By Marcelle Pick, OB/GYN, RN
Just to make it through each day, many women find themselves overloading on caffeine, sugary snacks, alcohol, and even sleep aids, simply to manage stress. These habits can disrupt your body’s normal rhythms. If your adrenal glands are in distress, now is the time to find the right support of them. In addition to healthy habits and supplementation, eating certain foods for adrenal fatigue can have a positive impact on your adrenal health.
The Adrenal Glands and High Cortisol Levels
Research shows that when we experience chronic stress, our adrenal glands – the tiny glands that moderate the stress response – will suffer. These walnut-sized glands produce many hormones that regulate our body’s functioning. This includes cortisol, a hormone activated when our stress levels rise, which signals our body to enter a heightened state of emergency.
But high cortisol levels are intended to be short term; prolonged elevation of cortisol can create a myriad of issues in your body. The problem is, our adrenals do not know the difference between different kinds of stressors; they continue to pump out cortisol whether we are stressed due to a true emergency or are managing life’s everyday stressors.
What happens when cortisol levels remain high? So many things: high cortisol levels interfere with many of our bodies’ functions, including our immune function, digestion, sleep, and even the ability to produce other essential hormones such as estrogen, progesterone, testosterone, and thyroid hormones. When these functions are compromised, you can develop high blood pressure, high blood sugar, excess abdominal fat, and inflammation.
Adrenal Fatigue Development
All of this pressure on our adrenals can lead to adrenal fatigue, a syndrome that can, over time, cause low blood pressure, allergies, and pure exhaustion. But even if you’ve hit adrenal fatigue, it’s not a point of no return; the condition is reversible.
That’s good news, isn’t it? Adrenal dysfunction can be healed. A great place to begin, as always, is looking at your nutrition. Nutrition won’t take care of the problem all by itself – you’ll also need to find ways to decrease chronic stress and adjust your emotional response to stressors. But a change in what, when and how you eat is a fantastic first step in reversing adrenal fatigue.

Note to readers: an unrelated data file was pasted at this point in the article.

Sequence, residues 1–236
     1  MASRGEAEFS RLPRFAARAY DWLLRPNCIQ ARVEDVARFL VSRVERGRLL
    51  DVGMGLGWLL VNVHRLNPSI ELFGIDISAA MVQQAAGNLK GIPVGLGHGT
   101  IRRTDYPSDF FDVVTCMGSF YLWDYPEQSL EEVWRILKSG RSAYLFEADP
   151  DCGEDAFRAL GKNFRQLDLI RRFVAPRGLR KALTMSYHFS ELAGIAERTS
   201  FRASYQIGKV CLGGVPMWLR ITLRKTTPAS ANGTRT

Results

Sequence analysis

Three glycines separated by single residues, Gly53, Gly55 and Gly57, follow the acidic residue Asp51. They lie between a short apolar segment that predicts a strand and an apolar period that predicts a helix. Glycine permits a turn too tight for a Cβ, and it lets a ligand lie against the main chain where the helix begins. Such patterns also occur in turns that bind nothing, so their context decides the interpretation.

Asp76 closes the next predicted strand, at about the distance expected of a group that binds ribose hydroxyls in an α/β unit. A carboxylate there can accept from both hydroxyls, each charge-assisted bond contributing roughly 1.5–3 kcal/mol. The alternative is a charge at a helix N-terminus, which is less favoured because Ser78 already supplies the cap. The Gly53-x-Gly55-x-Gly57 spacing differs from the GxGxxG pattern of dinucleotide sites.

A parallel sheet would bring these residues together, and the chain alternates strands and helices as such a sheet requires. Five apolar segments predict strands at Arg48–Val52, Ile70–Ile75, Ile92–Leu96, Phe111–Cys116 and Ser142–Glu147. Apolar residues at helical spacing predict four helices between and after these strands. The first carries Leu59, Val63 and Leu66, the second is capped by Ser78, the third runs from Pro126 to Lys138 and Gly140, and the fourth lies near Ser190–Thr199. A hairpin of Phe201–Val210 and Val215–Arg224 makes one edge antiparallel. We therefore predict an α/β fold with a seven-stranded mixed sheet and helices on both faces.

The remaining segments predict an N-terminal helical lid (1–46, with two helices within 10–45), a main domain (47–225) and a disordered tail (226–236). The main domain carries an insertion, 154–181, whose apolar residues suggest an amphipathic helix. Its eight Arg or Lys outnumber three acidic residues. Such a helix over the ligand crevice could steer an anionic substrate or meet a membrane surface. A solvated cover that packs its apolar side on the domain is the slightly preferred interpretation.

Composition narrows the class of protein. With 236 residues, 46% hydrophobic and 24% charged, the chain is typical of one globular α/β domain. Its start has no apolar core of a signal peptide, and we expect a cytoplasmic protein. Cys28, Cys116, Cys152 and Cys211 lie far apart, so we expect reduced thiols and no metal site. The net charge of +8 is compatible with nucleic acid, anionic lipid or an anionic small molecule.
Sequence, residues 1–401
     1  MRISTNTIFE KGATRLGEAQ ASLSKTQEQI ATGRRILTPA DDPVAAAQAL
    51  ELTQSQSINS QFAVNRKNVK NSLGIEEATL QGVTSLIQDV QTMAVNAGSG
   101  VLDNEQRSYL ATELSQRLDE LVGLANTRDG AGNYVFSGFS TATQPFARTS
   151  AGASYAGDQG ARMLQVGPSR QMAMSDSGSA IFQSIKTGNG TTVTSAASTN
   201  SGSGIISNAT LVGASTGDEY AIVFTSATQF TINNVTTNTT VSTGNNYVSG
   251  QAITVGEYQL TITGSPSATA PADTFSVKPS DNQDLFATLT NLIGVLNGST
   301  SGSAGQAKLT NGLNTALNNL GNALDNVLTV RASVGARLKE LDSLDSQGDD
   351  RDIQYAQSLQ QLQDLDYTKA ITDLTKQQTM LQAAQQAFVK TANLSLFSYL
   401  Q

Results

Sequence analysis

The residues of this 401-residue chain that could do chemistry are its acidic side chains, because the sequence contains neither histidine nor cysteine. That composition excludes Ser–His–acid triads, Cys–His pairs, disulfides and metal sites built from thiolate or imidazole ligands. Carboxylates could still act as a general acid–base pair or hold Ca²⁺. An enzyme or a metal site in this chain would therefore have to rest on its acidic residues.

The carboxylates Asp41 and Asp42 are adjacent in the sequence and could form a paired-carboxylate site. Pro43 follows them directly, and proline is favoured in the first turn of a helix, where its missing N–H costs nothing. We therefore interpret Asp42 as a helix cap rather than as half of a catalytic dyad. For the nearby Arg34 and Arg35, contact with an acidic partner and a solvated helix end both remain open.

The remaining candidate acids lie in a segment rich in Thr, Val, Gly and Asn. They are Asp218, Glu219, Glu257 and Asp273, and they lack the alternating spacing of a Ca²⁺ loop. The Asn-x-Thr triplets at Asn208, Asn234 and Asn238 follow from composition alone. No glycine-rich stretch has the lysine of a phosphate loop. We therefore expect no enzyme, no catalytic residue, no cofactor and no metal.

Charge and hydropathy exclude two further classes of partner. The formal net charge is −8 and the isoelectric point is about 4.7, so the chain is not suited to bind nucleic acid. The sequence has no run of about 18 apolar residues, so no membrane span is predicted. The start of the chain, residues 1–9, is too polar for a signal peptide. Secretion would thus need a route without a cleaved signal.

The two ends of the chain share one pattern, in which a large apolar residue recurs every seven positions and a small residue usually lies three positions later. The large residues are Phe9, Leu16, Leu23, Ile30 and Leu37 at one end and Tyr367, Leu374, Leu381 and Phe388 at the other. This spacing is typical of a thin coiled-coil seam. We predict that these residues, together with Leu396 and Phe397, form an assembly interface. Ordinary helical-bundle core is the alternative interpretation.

Timing for Optimal Adrenal Function
If you’re like many people, you find yourself getting irritable and having trouble concentrating when it’s been too long between meals. This is your body telling you something – and ignoring it too often can have a significant impact. That’s why the first thing I suggest to patients is that they make sure they never allow themselves to get too hungry.
What time of day you eat at can also have an impact on your adrenals. Cortisol levels follow a natural circadian rhythm, beginning to rise around 6 am, peaking around 8 am, then gradually declining throughout the day (with a slight rise at meal times) as your body prepares itself for rest. At night, your cortisol continues to taper off, and reaches its lowest level while you sleep. Eating larger meals early in the day and eating an early dinner (by 6 pm), as well as making your evening meal the lightest of the day, helps regulate cortisol and maintain hormonal balance.
Exercise will also increase cortisol levels, so enjoying less intense activities while trying to heal adrenal fatigue is important. To keep cortisol levels as smooth as possible, do stimulating exercise in the morning or early afternoon when cortisol is naturally higher. If you exercise in the evening, try lighter activities, such as walking or restorative yoga.
When we properly time our activities to support our natural rhythms, we can prevent dramatic drops in blood sugar and boost our body’s natural functioning. Instead of focusing on producing cortisol constantly, our adrenals can instead perform their other important secondary functions. And we’ll quickly discover we have more energy – and more happiness – throughout the day!
The contents of this article are the views of the contributing author and do not necessarily represent the views of Genexa. This article is not, nor is it intended to be, a substitute for professional medical advice, diagnosis, or treatment, and should not be relied upon for specific medical advice.